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2759Ancient winter wheat; Commercial potential of Fukuoka

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  • Robert Monie
    Jun 3 7:39 AM
      Hi John, Jamie, and all,

      John Jeavons' mail-order seed catalog at "Bountiful Gardens" regularly offers several ancient wheat varieties, including Early Stone Age Wheat (Einkhorn hornemanii); Stephens (Is this from Synergy Seeds?), "a soft white winter wheat with very large kernels"; two of Tim Peters' varieties, "SS791," "a light brown winter wheat ...in short awned heads that thresh easily," and "PRS 3628 Perennial Wheat,"with good resistance to lodging and diseases." Jeavons also has the Maris Widgeon "an old variety from England that was grown for its tall straw for thaching"--really an autumn wheat, and Black Emmer Wheat for "crafts and arrangements."

      Jamie, I have always said that we have the most to learn from successful commercial applications of Fukuoka's ideas. Anyone can grown a mixed, polyculture backyard garden if enough mulch is available. The question is, can this method be productive and sustainable enough to "feed the world" or at least to do well on a commercial scale. John Seymour, a British farmer and self-reliance advocate of many decades experience says in one of his books that "no-dig" gardening is excellent, but its practitioners always keep it going by "stealing" somebody else's organic matter for mulch. For Seymour you have to double- and triple-dig and use a variety of deep-root accumulator plants to "mine" the mud and bring the nutrients up. He believes this is the way to sustainability.

      John seemed to be making the same point when he said that he has to import leaves from trees grown in soil fed by the Haber process to get enough mulch for his garden. So he is really living off the industrial technology that he is trying to transcend. I responded by saying that the indebtedness to imported material (fed by the Haber-process or not) can be reduced by growing more crops like buckwheat that return nitrogen to the soil and nitrogen fixers such as clover and bean or peas, as well as trees and shrubs that are perennial nitrogen fixers. I gave the example of commercial farmer Steve Groff, who has has greatly reduced the need for Haber-Process fertlizer on his large farm in Pennsylvania, by using a crop cover of vetch and rye. If Steve Groff were to add nitrogen-fixing trees, his need for artificial fertilizer would drop even more.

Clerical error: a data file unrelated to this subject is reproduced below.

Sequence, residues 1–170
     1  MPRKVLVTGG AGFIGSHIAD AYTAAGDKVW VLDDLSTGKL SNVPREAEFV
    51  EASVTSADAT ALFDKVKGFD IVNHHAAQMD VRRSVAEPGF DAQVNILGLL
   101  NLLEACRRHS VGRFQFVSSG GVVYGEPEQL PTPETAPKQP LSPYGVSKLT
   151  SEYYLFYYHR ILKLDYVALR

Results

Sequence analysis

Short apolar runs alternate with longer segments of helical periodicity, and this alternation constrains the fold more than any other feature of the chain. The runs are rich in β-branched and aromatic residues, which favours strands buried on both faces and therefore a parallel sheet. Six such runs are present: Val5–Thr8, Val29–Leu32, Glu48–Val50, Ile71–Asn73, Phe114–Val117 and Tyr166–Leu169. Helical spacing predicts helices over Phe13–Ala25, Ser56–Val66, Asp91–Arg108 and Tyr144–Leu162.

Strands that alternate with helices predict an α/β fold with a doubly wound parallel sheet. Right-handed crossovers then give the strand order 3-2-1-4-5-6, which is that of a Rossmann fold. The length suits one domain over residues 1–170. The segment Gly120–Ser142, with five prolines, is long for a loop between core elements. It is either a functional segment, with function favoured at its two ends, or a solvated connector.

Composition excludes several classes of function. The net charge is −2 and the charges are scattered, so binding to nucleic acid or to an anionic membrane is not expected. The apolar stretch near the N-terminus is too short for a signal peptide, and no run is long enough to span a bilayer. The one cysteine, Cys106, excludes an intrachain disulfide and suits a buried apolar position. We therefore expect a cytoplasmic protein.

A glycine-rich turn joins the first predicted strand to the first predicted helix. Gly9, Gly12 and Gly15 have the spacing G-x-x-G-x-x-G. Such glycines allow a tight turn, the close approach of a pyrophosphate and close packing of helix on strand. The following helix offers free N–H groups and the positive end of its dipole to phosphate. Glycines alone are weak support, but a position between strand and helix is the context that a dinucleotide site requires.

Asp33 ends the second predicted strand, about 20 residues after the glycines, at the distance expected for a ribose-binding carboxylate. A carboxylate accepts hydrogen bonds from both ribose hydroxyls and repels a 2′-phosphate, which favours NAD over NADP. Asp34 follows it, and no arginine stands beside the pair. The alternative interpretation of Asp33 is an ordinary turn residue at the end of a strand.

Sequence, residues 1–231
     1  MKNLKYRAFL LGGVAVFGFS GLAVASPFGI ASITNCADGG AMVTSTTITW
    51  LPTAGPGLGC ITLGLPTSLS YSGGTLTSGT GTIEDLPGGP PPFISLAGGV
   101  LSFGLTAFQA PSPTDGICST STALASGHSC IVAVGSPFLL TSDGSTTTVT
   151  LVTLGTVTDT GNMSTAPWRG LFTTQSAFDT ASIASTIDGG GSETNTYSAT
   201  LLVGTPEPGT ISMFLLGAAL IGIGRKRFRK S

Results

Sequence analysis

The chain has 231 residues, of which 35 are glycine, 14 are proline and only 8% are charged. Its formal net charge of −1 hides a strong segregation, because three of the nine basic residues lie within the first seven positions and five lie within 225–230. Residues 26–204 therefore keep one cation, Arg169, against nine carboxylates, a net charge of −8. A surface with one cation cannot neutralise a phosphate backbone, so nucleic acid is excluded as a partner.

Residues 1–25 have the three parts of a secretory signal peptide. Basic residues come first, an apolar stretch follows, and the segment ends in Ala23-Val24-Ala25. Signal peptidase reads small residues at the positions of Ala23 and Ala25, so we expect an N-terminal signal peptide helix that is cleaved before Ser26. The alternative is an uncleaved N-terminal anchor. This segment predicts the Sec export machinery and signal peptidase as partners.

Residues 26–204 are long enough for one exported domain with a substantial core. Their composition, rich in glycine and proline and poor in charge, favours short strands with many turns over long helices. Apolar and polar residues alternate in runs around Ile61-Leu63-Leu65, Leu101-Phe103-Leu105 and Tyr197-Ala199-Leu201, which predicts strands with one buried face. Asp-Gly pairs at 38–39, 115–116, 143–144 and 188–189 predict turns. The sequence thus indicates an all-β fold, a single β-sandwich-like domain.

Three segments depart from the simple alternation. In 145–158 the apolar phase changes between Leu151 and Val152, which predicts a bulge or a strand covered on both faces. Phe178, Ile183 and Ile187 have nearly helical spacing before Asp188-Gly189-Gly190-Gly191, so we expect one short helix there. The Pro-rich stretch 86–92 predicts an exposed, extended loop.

But here we run into a storm of questions that have not been answered. If we adopt forest farming (or premaculture/forest-farming methods using canopies of trees and walls of shrubbery, including nitrogen-fixing ones, does the output decrease? In my limited experience, it does, partly because of the increased shade that these plants bring and partly because they seem to slow down the delivery of nutrients to the plants we are growing to eat. That is, the price we pay in approaching a nearly self-sustaining (non-Haber-process) system is less output, less produce. I would like to be proven wrong about this, but I suspect that just as the "slow food" movement in Europe requires the diner to have plenty of time to sit down and savor the taste of the food, the natural farming approach may require us to get used to slower and smaller yields than we get with green revolution methods. If someone can show that this is not so, I would welcome the demonstration. It may turn out that if we use natural methods to grow food, nature is very slow in complying with our wants.

      We cannot predict the future, and we cannot know what method (or methods) of farming will give the best balance between sustainability and feeding the world. I have long grown vegetables and some legumes hydroponically and aeroponically, and the output is greater than what I get from my natural garden. (Of course the direct input is greater too.) How sustainble hydroponics or aeroponics can eventually become is also a matter for speculation; for the present we cannot know. In a hydrogen/photovoltaic solar energy economy where clean energy is abundant, the "inputs" available to farming may change.

      For now, I, like Jamie would like to see how close commercial farms can come to being "natural" and still turn a profit.

      Bob Monie, southeast Louisiana

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